Visual Arts

Kathy High at Squeaky Wheel

by / Dec. 21, 2016 12am EST

Currently on show at Squeaky Wheel, artifacts of a proposed collaboration by former area artist Kathy High with one of her heroes—David Bowie—that couldn’t be completed due to his precipitate demise earlier this year. Among other of her works incorporating science and technology and politics. Some of her projects from the last dozen years or so. 

We honor our heroes by imitating them. We try to be like them in various ways. High’s proposal was to become like Bowie in a very real way.

What she proposed was an exchange between the two artists. What she offered Bowie—as her part of the exchange, but also, it would seem, a straightforward homage gift from a fan—was a series of photo self-portraits in costume and pose and makeup imitative of iconic Bowie images. The Aladdin Sane album cover with the schizophrenia facial lightning bolt. The Heroes album cover enigmatic pose. Somewhat in the Cindy Sherman mode. But Kathy High—particularly as dressed and posed and made up in the photos on display—does look a lot like David Bowie. 

But part of the idea of the photos was also to demonstrate her and Bowie’s compatibility. Because what she was asking Bowie for—as his part of the exchange—was some fecal matter. What she was ultimately proposing was a fecal transplant. To transplant his gut biome into her system. 

High suffers from Crohn’s disease, a chronic inflammatory bowel disorder, and has researched the emerging science of fecal transplants, and determined a fecal transplant—with Bowie as donor—could alleviate—or have alleviated—her Crohn’s condition. Plus provided other benefits through her transformation in part into her hero.

“This goes against all the ‘rules,’” she said in her proposal letter to Bowie. The donor “should be someone close to me, someone under sixty, pre-tested, etc.”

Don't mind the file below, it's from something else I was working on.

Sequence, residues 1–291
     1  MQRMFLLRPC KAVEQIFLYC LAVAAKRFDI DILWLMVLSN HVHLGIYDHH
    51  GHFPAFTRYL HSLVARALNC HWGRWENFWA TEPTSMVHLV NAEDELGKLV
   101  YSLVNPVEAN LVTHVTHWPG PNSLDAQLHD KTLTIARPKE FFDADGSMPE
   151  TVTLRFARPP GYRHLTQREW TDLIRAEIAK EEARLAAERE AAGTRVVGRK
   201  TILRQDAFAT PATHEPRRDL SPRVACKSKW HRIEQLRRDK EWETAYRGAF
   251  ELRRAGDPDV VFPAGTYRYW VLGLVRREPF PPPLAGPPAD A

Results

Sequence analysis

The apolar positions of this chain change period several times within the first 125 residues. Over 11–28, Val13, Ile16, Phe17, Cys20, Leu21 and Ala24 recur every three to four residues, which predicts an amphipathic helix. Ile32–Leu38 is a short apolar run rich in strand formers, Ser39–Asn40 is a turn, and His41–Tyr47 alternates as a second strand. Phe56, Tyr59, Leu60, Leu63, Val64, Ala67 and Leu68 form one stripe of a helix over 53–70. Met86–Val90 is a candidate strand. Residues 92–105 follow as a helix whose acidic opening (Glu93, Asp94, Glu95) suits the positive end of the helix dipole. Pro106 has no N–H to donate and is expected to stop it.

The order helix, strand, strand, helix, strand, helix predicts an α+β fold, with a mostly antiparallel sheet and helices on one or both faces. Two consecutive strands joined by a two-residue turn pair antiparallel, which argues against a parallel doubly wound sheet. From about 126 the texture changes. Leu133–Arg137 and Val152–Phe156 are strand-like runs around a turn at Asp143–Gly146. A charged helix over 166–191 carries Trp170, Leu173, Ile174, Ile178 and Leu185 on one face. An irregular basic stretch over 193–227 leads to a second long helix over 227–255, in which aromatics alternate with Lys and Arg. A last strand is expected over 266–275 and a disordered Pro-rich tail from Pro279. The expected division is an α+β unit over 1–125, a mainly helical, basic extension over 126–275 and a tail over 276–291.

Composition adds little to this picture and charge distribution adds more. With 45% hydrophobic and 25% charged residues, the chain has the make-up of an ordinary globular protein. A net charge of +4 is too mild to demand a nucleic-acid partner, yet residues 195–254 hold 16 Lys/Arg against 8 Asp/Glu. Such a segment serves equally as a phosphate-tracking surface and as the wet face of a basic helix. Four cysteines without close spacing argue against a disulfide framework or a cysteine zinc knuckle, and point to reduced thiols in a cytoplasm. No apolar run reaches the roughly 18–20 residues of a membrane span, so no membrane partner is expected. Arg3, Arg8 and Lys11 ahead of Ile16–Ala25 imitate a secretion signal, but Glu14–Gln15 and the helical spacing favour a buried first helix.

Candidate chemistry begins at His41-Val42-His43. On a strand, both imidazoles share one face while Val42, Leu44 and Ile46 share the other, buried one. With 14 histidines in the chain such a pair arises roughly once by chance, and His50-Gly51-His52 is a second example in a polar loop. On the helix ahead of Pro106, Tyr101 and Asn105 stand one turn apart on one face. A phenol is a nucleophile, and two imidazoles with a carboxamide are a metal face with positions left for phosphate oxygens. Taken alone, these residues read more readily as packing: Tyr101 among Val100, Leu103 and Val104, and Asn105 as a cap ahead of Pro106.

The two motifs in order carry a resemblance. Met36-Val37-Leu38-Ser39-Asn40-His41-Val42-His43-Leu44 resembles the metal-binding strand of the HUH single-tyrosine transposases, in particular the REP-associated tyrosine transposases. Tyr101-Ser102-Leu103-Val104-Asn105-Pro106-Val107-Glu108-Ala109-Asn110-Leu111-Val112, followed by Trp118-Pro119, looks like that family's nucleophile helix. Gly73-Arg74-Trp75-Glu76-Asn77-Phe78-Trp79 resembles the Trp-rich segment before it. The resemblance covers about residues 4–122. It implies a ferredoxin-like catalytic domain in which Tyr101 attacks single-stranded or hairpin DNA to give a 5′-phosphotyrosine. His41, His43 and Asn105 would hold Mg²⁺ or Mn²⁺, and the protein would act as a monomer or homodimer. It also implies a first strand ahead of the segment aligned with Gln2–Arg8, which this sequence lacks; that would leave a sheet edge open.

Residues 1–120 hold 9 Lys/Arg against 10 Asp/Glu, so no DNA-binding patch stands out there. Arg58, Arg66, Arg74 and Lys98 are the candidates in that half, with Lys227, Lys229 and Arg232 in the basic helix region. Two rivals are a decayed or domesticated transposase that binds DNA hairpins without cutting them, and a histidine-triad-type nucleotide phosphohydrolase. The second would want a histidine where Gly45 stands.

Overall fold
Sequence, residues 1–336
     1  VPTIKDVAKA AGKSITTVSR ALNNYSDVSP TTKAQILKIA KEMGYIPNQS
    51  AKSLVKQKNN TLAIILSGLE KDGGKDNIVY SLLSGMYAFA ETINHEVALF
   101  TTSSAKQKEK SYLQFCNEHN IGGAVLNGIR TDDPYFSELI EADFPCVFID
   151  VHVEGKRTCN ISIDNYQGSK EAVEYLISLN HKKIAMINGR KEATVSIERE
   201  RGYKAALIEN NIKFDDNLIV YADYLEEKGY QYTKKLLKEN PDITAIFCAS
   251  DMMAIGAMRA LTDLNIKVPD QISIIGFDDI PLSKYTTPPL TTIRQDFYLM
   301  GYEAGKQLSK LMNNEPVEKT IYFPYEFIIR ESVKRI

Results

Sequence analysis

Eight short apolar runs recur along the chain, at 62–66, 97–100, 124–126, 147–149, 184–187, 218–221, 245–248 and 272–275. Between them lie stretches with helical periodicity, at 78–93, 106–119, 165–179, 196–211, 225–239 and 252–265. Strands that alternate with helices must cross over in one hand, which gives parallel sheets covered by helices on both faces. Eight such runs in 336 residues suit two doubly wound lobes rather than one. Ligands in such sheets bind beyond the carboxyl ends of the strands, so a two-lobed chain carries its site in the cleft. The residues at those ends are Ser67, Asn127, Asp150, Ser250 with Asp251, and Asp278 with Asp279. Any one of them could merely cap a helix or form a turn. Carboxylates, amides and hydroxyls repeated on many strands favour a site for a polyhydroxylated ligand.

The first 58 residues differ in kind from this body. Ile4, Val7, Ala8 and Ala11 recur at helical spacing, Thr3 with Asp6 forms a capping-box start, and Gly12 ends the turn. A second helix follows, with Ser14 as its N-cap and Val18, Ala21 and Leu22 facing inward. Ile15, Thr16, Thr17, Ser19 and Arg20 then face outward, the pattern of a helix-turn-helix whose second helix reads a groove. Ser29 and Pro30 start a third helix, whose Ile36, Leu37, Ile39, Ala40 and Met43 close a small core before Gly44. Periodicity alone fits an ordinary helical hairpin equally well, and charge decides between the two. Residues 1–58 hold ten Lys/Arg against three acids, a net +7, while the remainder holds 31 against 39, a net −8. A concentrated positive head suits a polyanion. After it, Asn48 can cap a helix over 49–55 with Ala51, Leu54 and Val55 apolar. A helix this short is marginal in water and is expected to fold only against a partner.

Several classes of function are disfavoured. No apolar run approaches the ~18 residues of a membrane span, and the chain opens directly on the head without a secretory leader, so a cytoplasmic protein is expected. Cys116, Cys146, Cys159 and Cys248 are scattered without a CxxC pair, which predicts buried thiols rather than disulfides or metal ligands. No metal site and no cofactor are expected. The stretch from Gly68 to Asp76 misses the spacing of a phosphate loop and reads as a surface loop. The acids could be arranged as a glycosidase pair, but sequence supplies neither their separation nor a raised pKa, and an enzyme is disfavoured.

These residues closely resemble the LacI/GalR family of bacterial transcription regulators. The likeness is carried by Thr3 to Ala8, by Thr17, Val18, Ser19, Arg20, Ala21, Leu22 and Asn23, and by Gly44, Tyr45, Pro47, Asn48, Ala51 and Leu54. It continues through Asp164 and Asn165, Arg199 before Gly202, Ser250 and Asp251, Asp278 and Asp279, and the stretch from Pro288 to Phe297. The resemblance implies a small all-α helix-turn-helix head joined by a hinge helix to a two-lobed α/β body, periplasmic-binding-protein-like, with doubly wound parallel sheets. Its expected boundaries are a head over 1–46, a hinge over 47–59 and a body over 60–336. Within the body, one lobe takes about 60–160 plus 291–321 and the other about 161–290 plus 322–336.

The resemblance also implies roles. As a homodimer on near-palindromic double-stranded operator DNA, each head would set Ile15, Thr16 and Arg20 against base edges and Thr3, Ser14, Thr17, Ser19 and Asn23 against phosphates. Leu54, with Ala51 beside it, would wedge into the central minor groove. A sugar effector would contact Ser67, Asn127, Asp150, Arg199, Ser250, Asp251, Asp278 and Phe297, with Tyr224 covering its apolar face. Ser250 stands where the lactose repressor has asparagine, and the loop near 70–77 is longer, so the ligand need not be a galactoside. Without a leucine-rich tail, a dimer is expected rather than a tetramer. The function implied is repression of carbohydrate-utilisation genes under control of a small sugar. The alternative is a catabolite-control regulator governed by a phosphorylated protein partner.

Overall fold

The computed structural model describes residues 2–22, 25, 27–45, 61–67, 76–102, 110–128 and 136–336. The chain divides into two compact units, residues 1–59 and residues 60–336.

But she goes on, “I am a life-long fan. I have been following your career since I was little…I feel like a younger sister.” 

Skin-to-Skin Dome, 2009

She hopes he “will look upon this strange request favorably…you could change my life forever,” she says, referring to the Crohn’s matter. But in addition, “if I could become you…well, say no more…”

Other works are about animals. Including transgenic animals, which is to say, animals injected with other species’ DNA, usually a diseased human’s DNA, transferring the human disease to the animal, to allow experimentation on the animal, to try to cure the disease without having to experiment on the human. A video game called Trans-Tomagotchi, featuring virtual lab animals the human player—that is—theoretically—the sick human for whom the animal, now infected with the human’s malady, serves as experimentation surrogate—has to give regular doses of food, water, medicine, and affection. (Remember the former fad Tomagotchi digital pets. A fad that died out after it was discovered how much care and attention the digital pets required. While the Trans-Tomagotchi animals are sick to start with.) 

Another work involving lab rats consists of a little glass dome over a mini video monitor showing an image of the artist recumbent in a hospital gown while white rats crawl around and over her, comforting her and being comforted in turn, apparently. 

Another work is about cloning. A video projection featuring bees and flowers and what at first glance looks like a lesbian encounter but turns out a clones encounter. Concluding with a statement by former President George W. Bush to a conservative religious group on life and human dignity. Per usual disingenuous and hypocritical. 

Another sculptural work with video is called Red Scare. A huge glass test tube at the bottom of which is another mini monitor, showing the artist fallen into a fiery pit of some sort, appealing desperately—but seemingly to no avail—for help to get out. 

Two of the artist’s more substantial—full narrative—videos were screened at the opening. Fecal Matters, a documentary on work being done at present on fecal transplantation. And Lily Does Derrida, narrated by Lily, a canine in the care of the artist until Lily’s death of age and attendant infirmities, including in Lily’s case blindness. Lily discourses on her relationship with her caretaker and her reading—that is, Lily’s reading, pre-blindness, of course—of some works of French deconstructionist philosopher Jacques Derrida, particularly his book, L’animal que donc je suis

The Kathy High exhibit continues through January 10.

 Soft Science: Science Fictions by Kathy High 
 617 Main Street, Buffalo NY / (716) 884-7172